Indonesia - Siti Maimunah deftly steps out of a shallow canoe, stamps though the undergrowth and enters a cleared field, surveying the land. The two-hectare plot of dry and degraded peatland is not much to look at for now, but Siti is already looking ahead to the potential it could hold for renewable energy, land restoration and livelihoods in Central Kalimantan.
A forestry lecturer at Palangka Raya’s Muhammadiyah University, Siti has made regular visits to the remote plot for more than five months. Accompanied by her students and members of the local community in Buntoi village, she has been monitoring the progress of five types of bioenergy plants being tested on the trial plot.
Previous crops of rubber and rice were destroyed in last year’s peatland fires that raged across several provinces in Indonesia, polluting the air and leaving behind degraded land. Unable to replant the old crops, the community in Buntoi looked for a new way forward.
On this visit, several of the test crops are found to be flourishing. Siti’s student, Kristianto Okoiiko, counts new leaves and measures growing trunks and branches. Tema, a worker from Buntoi, clears away dry grass, finding pineapples ripening between the rows of seedling crops.
“This trial plot aims to show the community that in their area, on this degraded peatland, there is great potential for growing many kinds of crops, including bioenergy crops,” Siti says.
2 Hektare lahan uji coba tanaman bioenergi di Buntoi, Kalimantan Tengah Edliadi Mokhamad/CIFOR
More than just monoculture
Five species of bioenergy plants are being trialed on the plot.
The most successful test crop so far, says Siti, is Calophyllum inophyllum, known locally as ‘nyamplung’. Just one hectare of this seed-producing crop can supply up to 20 tonnes of oil for biodiesel per year. A factory to extract the oil from nyamplung seeds is already operating on the nearby island of Java. Normally grown on saline seaside soils, the crop is being trialed here on peatland for the first time. Seeds should appear in the next 1-4 years.
Trials of ‘kemiri sunan’ (Reutealis trisperma), ‘lamtoro’ (Leucaena leacocephala) and ‘gamal’ (Gliricidia sepium) are also performing well. Like nyamplung, the kemiri sunan and lamtoro can be used to produce biodiesel. Gamal can be converted to wood pellet for biomass, a potential source of power for electricity.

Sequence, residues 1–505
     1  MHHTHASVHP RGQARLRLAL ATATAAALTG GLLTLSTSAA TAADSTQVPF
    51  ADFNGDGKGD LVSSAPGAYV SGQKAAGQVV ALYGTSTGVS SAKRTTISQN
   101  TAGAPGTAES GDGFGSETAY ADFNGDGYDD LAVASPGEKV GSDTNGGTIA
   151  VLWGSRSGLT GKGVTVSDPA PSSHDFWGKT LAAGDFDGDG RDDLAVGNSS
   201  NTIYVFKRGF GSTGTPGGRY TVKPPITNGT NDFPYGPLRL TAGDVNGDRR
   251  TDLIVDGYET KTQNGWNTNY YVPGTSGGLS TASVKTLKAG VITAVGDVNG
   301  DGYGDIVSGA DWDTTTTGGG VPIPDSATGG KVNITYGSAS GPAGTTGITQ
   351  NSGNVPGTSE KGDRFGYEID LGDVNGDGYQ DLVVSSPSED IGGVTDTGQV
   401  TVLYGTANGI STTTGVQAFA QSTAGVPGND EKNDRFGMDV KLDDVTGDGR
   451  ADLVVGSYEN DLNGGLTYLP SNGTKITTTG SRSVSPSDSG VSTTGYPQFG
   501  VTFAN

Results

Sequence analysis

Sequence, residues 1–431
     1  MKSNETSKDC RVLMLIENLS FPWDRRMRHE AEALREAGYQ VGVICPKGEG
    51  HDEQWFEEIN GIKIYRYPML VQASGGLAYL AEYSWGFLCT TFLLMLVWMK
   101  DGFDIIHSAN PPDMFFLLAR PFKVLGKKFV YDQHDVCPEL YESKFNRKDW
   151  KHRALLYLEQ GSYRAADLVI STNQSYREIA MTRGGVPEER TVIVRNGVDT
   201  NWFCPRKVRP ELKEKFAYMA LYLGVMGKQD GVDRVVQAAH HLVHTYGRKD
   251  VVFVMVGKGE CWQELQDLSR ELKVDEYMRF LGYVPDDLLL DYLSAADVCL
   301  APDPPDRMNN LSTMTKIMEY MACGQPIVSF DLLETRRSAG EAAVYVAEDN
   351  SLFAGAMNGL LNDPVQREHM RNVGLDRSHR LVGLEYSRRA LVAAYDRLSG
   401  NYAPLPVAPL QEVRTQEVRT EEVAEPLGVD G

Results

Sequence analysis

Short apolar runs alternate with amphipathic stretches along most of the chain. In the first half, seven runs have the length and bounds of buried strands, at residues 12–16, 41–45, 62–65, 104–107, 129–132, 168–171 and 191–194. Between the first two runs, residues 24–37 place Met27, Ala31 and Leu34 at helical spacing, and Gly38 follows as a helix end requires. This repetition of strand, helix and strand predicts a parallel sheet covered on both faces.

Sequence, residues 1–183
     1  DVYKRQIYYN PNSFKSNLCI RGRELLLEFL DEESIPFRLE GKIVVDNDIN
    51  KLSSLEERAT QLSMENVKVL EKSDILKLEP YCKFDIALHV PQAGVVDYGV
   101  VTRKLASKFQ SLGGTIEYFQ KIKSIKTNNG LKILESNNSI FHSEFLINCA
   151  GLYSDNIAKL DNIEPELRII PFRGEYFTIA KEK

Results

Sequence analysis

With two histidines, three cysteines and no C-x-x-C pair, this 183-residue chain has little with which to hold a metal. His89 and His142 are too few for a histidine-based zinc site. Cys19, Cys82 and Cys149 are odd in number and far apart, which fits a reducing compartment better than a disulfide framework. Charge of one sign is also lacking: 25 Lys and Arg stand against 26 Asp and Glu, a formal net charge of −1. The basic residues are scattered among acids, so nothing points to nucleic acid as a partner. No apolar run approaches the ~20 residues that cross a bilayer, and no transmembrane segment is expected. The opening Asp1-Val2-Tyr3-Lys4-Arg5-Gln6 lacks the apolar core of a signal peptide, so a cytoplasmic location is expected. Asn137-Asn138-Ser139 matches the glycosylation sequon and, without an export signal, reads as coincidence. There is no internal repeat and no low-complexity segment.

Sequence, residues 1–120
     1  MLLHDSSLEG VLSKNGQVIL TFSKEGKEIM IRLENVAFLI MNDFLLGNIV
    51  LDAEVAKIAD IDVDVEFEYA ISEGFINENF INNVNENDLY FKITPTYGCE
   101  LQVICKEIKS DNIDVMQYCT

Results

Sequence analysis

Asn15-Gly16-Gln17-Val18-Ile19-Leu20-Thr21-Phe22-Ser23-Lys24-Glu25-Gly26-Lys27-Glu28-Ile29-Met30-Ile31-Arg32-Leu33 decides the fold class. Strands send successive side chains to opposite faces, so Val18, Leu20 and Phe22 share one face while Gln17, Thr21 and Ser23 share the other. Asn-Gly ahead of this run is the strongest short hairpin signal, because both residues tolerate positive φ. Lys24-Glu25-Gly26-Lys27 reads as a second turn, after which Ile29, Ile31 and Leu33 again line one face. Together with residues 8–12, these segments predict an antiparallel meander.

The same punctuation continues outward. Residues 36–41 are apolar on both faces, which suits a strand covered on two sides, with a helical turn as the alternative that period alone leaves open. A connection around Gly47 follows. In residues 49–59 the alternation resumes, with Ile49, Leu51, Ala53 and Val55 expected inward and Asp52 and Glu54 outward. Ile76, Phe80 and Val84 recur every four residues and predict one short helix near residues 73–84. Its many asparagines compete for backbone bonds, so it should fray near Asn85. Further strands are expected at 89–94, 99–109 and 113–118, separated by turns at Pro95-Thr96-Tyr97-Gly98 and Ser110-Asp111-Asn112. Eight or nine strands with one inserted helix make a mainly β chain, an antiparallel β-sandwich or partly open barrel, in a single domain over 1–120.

Perhaps the bioenergy crops here could provide an alternative solution for the community.
Siti Maimunah, Muhammadiyah University
‘Kaliandra’ (Calliandra calothyrsus) has struggled under seasonal downpours, but Siti still holds hope for the crop. The normally fast-growing plant is already being used and exported as biomass pellets from nearby Madura. Its flowers attract honey bees, offering an additional source of income. Siti has relocated some of the plants from the riverbank to higher ground, hoping to overcome the problem of flooding.
Siti Maimunah, dosen kehutanan dan seorang mahasiswanya Kristianto Okoiiko, memeriksa kondisi pohon ‘kemiri sunan’, atau Reutealis trisperma. Catriona Croft-Cusworth/CIFOR
'Kaliandra', atau Calliandra calothyrsus. Edliadi Mokhamad/CIFOR
'Nyamplung', atau Calophyllum inophyllum. Catriona Croft-Cusworth/CIFOR
A sixth crop, pineapples, are interspersed among the bioenergy plants, providing a harvest of food alongside the fuel.
“We want to introduce the idea that it’s not just about monoculture,” Siti says. “While waiting for the forestry crops to grow, we can combine in the same area plants that meet market demand. Like pineapples.”
By planting on degraded peatland, the trial also avoids the common criticism of bioenergy crops taking up valuable agricultural land. Not only are the crops planted on land where little else can grow, but they actually have the potential to restore the land for future use, particularly the gamal and kaliandra crops.
The intersection between sustainable bioenergy and land restoration is one of the main research interests driving the trial.